Stuffed Poblano Chili Peppers

Hunting isn’t always about killing animals. It’s also about the majesty of Mother Nature — and a whole lot more.

One of the most important things to me about hunting is the friendships that I have made with people who otherwise would have been strangers.

I recently returned from an elk hunting trip to Colorado with two good friends from Grand Forks — Mark Young and Jim Litzinger. We were met at Owl Mountain near Rand, Colo., by Jim Butzien and Duane Pauna of Park Rapids, Minn. We soon were joined by Colorado brothers Tuffy and Ray Hardy and Ray’s son, Colton.

I have know the Hardys and Butzien for about five years and consider them friends.  Pauna is new to the group, but his cousin, Darrel Koehler, is a close friend and former co-worker of mine. All of these fellows are knowledgeable about hunting and very personable as well.

And this year, I also met a couple of more guys from the Denver area who are white water rafting buddies of Tuffy. One of them, Steven Barnhill, is a technology teacher with the Jefferson County Public Schools, with whom I immediately made a connection.

Steven is an avid gardener — like me — who likes to preserve his bounty, some of which he shared with our hunting party. One of his specialties is growing peppers of all kinds, including poblano chilies.

I’ve never grown poblanos but plan on doing so next year after sampling some of Steven’s. (He also shared some jalapeno jelly, tomatillo salsa and green salsa that he had made with his wife this fall.

Steven shared some ideas about using the poblanos, one of which ways is to stuff them.  And that got me to thinking about making some stuffed peppers other than the classic American bell peppers that are filled with ground beef, rice, onions, tomatoes.

Here is one of the poblano recipes that I came across. It’s a take-off on a Mexican favorite — chili rellenos — which consists of a roasted green Pasilla or poblano chili pepper stuffed with cheese (traditionally queso fresco), and/or (occasionally) minced meat, covered in an egg batter and fried. (It is often served covered with a sauce, although the type of sauce varies widely. It sometimes also is served in a taco with rice, salsa and other toppings.)

Stuffed Poblano Chili Peppers
Nonstick cooking spray
6 poblano chilies
1 pound lean ground turkey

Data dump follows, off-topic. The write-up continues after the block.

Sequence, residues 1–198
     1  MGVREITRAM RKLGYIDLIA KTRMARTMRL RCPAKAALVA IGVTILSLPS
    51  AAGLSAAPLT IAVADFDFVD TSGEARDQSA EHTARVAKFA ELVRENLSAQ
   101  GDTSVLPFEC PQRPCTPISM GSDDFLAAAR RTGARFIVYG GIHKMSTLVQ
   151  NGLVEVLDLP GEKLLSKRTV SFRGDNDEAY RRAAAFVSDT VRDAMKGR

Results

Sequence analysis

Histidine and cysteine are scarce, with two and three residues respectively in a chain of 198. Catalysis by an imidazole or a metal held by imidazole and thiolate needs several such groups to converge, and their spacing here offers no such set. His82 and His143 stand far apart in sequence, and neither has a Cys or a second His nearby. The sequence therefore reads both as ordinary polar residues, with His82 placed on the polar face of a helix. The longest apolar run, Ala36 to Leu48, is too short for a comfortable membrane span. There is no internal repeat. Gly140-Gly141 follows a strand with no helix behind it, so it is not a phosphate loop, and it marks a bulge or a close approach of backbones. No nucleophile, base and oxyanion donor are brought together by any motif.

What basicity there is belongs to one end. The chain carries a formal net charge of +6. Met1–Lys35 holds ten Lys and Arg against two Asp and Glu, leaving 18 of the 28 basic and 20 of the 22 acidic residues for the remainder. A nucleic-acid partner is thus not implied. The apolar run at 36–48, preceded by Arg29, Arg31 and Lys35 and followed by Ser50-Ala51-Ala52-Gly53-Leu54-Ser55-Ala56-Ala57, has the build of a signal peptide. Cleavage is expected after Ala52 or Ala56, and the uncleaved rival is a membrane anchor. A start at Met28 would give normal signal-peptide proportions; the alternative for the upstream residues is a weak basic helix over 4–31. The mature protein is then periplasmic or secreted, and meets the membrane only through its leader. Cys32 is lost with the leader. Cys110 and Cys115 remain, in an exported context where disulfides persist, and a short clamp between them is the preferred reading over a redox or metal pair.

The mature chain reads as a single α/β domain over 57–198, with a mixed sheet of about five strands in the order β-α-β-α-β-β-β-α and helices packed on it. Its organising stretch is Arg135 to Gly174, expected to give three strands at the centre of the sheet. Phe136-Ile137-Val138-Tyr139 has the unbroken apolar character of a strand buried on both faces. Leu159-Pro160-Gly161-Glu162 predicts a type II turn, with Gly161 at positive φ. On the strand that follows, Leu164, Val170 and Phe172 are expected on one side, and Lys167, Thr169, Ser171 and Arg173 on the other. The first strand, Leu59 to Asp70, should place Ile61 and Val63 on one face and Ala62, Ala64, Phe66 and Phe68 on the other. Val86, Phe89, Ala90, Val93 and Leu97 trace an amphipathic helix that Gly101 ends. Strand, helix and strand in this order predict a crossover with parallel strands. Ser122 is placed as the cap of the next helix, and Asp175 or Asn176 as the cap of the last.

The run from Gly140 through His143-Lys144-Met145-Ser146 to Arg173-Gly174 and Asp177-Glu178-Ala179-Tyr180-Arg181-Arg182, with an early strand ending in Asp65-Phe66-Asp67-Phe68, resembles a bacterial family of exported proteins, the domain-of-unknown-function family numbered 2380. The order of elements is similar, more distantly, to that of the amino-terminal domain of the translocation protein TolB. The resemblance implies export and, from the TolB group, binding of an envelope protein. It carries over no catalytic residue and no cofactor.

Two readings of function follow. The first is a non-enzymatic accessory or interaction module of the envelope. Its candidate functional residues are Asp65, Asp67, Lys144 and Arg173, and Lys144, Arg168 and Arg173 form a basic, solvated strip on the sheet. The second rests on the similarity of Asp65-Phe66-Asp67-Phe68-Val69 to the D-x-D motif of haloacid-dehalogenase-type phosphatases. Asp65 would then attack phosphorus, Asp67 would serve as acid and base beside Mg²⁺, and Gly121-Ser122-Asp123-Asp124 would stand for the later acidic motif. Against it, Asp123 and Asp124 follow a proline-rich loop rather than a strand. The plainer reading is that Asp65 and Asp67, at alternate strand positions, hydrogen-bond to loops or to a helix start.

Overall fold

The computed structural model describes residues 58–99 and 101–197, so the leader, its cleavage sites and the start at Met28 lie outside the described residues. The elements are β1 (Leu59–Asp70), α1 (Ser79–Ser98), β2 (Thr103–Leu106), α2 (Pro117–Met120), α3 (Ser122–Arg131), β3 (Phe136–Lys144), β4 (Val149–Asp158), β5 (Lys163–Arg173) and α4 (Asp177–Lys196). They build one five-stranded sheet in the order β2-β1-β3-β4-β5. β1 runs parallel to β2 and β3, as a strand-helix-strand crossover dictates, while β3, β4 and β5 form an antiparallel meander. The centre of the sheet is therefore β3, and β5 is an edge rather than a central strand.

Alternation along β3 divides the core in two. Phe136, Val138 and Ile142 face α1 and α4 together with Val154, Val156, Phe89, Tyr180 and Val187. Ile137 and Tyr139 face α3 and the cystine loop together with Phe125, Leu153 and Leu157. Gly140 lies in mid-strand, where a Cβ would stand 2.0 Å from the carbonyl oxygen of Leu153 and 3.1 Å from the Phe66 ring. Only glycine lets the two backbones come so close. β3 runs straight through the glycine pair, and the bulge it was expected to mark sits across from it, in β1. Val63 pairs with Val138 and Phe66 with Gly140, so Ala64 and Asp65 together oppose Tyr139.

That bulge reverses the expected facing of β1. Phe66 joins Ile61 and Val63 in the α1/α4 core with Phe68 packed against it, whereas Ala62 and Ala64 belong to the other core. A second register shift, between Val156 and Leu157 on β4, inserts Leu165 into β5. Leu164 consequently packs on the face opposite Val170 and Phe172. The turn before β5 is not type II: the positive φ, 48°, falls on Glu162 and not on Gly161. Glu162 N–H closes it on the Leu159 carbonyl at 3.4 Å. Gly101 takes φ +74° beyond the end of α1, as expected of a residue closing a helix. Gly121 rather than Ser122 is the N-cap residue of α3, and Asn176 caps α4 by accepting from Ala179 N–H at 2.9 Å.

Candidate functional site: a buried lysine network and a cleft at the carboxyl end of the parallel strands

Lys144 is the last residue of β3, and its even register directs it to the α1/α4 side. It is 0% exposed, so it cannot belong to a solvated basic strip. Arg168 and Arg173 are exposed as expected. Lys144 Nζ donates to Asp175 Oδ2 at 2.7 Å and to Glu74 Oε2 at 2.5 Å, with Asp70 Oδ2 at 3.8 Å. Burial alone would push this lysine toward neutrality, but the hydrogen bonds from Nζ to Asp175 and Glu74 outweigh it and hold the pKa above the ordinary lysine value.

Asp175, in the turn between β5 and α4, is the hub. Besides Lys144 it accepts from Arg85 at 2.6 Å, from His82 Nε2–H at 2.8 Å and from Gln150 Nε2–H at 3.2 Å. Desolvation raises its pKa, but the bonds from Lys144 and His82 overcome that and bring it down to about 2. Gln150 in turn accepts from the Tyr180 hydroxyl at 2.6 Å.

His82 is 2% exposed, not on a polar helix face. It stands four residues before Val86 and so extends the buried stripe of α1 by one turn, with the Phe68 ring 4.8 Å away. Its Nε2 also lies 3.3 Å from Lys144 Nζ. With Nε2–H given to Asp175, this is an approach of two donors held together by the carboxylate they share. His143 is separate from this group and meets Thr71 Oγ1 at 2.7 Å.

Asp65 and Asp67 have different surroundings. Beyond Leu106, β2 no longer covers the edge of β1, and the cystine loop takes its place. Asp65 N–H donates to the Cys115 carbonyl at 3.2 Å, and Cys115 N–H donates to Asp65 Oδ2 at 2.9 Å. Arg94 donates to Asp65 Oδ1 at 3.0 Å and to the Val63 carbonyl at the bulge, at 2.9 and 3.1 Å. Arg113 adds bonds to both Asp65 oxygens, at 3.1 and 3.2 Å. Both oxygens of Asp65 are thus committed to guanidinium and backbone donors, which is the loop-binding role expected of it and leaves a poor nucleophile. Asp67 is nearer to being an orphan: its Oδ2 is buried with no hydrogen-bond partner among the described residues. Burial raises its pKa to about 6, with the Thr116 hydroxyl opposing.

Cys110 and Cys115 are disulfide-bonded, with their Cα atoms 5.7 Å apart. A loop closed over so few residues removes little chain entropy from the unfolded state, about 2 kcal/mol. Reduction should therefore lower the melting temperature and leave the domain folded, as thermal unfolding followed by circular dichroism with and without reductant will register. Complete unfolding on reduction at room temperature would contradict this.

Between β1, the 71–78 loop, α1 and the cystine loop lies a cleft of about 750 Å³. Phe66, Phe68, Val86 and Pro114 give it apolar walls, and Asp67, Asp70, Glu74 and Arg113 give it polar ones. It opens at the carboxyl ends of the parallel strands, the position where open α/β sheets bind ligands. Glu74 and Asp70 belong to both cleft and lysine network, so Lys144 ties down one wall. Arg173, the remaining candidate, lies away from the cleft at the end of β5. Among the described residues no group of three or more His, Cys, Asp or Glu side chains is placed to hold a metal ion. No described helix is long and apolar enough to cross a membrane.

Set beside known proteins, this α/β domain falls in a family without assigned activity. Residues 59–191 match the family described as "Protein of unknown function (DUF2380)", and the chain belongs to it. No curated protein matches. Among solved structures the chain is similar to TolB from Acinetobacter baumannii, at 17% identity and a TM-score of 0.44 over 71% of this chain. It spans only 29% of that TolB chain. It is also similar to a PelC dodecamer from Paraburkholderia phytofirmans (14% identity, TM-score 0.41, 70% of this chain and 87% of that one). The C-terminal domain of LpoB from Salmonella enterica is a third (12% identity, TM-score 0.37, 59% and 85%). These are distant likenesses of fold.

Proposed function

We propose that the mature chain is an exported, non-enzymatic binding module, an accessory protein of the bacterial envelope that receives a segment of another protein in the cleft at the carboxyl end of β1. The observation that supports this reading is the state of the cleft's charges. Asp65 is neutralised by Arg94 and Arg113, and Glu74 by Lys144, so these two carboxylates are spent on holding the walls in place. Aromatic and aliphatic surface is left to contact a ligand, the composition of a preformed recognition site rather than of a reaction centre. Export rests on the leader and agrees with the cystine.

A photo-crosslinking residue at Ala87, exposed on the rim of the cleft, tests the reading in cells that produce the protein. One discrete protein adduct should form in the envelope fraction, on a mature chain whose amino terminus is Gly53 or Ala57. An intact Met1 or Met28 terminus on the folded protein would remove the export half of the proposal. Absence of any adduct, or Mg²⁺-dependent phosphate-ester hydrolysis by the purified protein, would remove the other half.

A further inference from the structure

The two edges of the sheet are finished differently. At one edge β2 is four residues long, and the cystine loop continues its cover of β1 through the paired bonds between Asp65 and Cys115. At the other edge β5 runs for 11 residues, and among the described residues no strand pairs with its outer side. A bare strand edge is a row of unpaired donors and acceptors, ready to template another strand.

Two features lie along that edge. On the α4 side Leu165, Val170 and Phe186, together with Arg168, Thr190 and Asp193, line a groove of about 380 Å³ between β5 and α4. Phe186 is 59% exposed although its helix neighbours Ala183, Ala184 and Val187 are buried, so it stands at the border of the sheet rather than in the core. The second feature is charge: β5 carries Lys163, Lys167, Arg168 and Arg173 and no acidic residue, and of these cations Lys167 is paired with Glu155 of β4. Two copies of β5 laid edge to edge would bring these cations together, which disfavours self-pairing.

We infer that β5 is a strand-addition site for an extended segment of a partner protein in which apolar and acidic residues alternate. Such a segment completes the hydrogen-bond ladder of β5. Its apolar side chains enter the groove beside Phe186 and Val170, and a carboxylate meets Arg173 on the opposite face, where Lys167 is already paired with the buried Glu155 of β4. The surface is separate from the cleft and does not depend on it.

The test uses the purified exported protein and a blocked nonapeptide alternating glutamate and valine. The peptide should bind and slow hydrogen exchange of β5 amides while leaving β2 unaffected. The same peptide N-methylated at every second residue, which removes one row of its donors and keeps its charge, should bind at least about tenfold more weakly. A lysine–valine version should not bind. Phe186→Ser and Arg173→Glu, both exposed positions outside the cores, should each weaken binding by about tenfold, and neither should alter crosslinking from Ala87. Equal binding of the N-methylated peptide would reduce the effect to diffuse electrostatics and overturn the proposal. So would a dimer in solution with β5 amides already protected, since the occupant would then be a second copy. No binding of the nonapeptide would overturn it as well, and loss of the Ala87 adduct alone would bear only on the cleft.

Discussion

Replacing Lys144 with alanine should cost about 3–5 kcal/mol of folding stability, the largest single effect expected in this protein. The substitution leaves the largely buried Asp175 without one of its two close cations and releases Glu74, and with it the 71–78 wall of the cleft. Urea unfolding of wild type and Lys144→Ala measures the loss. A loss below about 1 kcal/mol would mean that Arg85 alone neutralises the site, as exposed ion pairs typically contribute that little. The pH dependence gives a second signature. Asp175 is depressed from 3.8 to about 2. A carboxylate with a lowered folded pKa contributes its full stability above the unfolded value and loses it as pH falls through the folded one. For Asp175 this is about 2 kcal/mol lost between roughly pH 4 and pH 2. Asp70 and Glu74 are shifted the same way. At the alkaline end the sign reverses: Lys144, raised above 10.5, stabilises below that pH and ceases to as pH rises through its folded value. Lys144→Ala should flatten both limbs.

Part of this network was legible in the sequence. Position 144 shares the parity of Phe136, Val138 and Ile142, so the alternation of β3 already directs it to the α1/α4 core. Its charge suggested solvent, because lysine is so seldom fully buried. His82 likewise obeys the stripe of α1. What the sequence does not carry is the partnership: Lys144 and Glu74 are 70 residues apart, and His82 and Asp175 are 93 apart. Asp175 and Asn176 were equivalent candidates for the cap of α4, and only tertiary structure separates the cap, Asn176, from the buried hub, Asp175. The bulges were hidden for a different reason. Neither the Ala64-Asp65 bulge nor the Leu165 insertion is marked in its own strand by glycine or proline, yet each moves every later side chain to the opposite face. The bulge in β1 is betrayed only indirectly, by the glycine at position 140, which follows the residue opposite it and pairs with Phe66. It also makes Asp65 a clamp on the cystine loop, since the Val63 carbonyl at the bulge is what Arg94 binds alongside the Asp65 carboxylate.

1 1-ounce package taco seasoning mix
1 15-ounce can black beans, drained, rinsed
1 11-ounce can Mexicorn (whole-kernel corn, red and green peppers, drained
8 ounces shredded light Mexican cheese blend
1 14.5-ounce can stewed tomatoes, undrained, chopped
1 4.5-ounce can chopped green chilies
Heat oven to 350 degrees. Spray 13-by-9-inch (3-quart) glass baking dish with nonstick cooking spray. Cut opening in one side of each chile. Carefully remove seeds and membranes, leaving top stem intact; rinse and drain well.
Spray large skillet with nonstick cooking spray. Add ground meat; cook over medium-high heat for 7 minutes or until no longer pink and thoroughly cooked, stirring frequently. Add taco seasoning mix; mix well. Add beans, corn and 1 cup of the cheese; mix well. With small spoon, stuff chiles with turkey mixture. Place in sprayed baking dish. Lightly spray tops of chilies with cooking spray.
In small bowl, combine tomatoes and green chilies; mix well. Pour over stuffed chilies in baking dish.
Bake at 350 degrees for 30 to 40 minutes or until chilies are tender. Sprinkle with remaining 1 cup cheese. Bake an additional 3 minutes or until cheese is melted.
Yield: Serves 6.
Approximate nutrition analysis per serving (using turkey): 400 calories, 15 grams fat (6 grams saturated), 70 milligrams cholesterol, 1,390 milligrams sodium, 33 grams carbohydrates, 7 grams dietary fiber, 6 grams sugars, 32 grams protein.

One thought on “Stuffed Poblano Chili Peppers

  1. I’m always looking for something new to make for our friends that come from Mpls every year for hunting. Thanks for the great recipe.

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